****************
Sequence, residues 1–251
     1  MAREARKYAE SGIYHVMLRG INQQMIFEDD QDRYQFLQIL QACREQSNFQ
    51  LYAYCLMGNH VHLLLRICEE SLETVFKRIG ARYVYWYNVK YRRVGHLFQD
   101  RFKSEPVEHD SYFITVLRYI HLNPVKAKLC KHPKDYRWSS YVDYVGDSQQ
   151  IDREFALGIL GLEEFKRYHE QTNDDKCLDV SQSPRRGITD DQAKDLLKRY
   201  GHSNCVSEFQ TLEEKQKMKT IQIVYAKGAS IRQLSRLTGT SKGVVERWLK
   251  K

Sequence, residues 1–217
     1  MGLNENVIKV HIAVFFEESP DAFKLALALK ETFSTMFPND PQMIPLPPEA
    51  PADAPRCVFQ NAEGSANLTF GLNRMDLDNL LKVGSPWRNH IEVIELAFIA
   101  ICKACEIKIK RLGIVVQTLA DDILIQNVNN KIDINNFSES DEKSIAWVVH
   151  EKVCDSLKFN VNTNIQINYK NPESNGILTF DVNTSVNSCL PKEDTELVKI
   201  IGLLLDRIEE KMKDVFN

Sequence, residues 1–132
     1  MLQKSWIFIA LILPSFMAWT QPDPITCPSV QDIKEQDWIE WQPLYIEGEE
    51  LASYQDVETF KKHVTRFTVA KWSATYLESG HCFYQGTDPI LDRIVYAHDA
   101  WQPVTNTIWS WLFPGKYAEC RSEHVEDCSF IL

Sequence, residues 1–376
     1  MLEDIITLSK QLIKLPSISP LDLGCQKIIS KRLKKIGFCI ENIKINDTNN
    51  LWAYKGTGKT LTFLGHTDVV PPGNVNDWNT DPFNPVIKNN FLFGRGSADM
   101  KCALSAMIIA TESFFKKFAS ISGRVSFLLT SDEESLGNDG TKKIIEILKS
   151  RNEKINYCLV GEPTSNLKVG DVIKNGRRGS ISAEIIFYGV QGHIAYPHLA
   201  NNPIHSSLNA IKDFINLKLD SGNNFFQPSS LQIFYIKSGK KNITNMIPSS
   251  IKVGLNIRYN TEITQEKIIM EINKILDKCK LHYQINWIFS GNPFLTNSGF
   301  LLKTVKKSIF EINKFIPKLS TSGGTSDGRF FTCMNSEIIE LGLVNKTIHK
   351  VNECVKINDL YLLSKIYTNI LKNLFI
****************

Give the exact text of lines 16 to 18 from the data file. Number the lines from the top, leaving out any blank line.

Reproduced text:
    51  LASYQDVETF KKHVTRFTVA KWSATYLESG HCFYQGTDPI LDRIVYAHDA
   101  WQPVTNTIWS WLFPGKYAEC RSEHVEDCSF IL

Sequence, residues 1–376